Shopping sans kidsOctober 7, 2013
It came to pass today that I found myself on a trip to Costco without any children in tow and WOW. It’s hard to explain what that felt like. It was cathartic, it was dream-like. It was like the minute during labor that your epidural kicks in and you go from being crazy, panicky, and loud to being calm, serene, and collected. But it’s not so much what I did at Costco as what didn’t happen that made it so other-worldly.
No one, for example, was suddenly starving and had to eat a piece of pizza before we could enter the store.
Since we weren’t eating pizza, no one suddenly had to go to the bathroom that is half a mile away and then return to the eating area to find that all our food had been tossed and we had to start over.
No one fought about where he wanted to sit in the cart.
At no point did my cart have so many boys hanging onto its sides that it wouldn’t fit down an aisle.
No one needed to change where they were sitting in the cart every ten steps.
No one tried to squeeze himself into the bottom part of the cart below the basket, and no one tried to also fit, and no one screamed at each other because neither would fit together.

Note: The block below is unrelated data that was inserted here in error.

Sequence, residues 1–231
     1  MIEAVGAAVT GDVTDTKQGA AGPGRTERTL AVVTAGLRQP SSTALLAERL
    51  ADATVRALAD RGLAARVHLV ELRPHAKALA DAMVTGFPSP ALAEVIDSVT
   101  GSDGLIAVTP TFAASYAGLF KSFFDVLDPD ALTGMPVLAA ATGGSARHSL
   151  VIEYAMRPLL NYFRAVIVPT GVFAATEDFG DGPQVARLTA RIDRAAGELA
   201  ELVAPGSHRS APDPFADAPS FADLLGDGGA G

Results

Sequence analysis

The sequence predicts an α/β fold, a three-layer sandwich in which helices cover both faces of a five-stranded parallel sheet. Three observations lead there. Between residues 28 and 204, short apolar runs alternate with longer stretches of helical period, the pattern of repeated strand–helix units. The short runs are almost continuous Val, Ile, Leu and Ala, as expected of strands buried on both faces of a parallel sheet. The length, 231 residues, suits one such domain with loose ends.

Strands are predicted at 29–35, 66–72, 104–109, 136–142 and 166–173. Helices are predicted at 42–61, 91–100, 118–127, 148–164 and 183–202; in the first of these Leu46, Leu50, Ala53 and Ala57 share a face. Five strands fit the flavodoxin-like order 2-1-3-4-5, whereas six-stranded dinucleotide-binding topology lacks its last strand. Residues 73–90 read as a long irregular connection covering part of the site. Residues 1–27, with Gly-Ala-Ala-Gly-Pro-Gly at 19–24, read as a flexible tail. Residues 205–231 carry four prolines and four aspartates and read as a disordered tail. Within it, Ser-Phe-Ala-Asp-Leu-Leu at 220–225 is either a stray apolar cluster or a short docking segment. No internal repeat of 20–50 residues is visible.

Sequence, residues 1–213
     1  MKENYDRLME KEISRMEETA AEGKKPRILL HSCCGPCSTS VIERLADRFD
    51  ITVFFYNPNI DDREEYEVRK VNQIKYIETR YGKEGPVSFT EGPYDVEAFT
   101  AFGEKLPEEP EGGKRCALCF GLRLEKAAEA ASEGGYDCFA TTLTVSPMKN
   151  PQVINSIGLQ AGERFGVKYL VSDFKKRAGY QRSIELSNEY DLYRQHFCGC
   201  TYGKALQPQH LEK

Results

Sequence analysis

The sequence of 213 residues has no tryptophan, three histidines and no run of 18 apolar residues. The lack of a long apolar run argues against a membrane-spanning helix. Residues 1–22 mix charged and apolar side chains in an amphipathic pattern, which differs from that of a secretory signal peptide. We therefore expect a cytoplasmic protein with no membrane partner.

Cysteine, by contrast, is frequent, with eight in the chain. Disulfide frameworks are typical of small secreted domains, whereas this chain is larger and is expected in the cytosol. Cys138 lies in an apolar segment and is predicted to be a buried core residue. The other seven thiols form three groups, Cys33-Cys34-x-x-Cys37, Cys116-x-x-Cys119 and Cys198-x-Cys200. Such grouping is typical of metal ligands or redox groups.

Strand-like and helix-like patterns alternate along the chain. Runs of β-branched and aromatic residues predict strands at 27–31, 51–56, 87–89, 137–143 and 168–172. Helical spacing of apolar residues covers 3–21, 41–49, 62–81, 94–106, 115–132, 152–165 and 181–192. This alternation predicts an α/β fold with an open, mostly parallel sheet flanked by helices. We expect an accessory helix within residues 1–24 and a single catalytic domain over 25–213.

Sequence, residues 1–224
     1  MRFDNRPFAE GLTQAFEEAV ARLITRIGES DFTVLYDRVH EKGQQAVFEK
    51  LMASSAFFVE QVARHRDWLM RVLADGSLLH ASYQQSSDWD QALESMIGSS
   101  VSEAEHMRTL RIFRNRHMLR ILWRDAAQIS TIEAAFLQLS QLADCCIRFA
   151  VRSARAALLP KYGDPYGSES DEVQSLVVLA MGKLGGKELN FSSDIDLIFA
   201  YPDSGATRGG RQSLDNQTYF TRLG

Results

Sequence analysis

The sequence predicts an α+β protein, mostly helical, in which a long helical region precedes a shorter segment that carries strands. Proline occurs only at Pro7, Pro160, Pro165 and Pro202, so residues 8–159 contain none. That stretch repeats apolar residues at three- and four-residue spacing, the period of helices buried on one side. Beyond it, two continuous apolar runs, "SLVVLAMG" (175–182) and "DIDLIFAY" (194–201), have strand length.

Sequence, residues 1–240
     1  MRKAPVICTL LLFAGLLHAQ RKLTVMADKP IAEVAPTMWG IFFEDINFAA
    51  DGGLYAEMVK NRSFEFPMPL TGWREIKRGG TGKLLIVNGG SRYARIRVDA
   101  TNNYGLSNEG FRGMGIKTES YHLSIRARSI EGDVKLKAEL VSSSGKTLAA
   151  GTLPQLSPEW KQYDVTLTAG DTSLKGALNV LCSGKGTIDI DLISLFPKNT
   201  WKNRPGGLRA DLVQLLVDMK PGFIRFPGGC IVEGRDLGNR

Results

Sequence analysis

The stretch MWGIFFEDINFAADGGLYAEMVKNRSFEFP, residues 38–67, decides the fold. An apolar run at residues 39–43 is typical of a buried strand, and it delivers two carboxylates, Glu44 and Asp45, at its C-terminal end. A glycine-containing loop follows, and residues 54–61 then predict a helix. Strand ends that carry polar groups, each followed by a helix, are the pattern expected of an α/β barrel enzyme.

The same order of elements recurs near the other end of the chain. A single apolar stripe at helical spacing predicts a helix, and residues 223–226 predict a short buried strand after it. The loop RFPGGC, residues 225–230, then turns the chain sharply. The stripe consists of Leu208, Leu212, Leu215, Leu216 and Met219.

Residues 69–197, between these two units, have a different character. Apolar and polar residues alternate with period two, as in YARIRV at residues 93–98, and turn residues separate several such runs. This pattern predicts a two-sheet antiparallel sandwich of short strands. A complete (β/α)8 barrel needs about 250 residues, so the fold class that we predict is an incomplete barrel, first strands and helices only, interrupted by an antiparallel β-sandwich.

No one filled up the entire shopping trip with questions like, “Why are we buying bread because we need it to make sandwiches?” and, “Why do they have lights to make it so we can see in the store?”
No one cried. Nobody! Not even a little!
No one insisted that they push the cart instead of me.
Because of that,no one had to apologize to other shoppers when the cart rammed into them.
No one tried to pry my fingers off the shopping cart handle because he was feeling threatened by my invasion of what was clearly his territory.
No one got tired of being in the cart and had to be carried for most of the time while I also pushed the cart with the two boys on its sides and did the shopping.
No one was overcome with the immediate need to pee (yes, AGAIN) when I was next in line to check out.
-I did not hand the cashier an opened, half-eaten, ravaged bag of Cheetos that we essentially stole first, then paid for.
No one tried to push all the buttons on the credit card machine.
No one fought about who got to hold the receipt on the way out of Costco.
No one mauled anyone down to be the first in the car.
And one person was feeling so thrilled by this hour of independence that she followed up the Costco trip with the Starbucks drive-thru, not because she wanted coffee necessarily but just because she wanted to experience a little more of no one.
And it was good.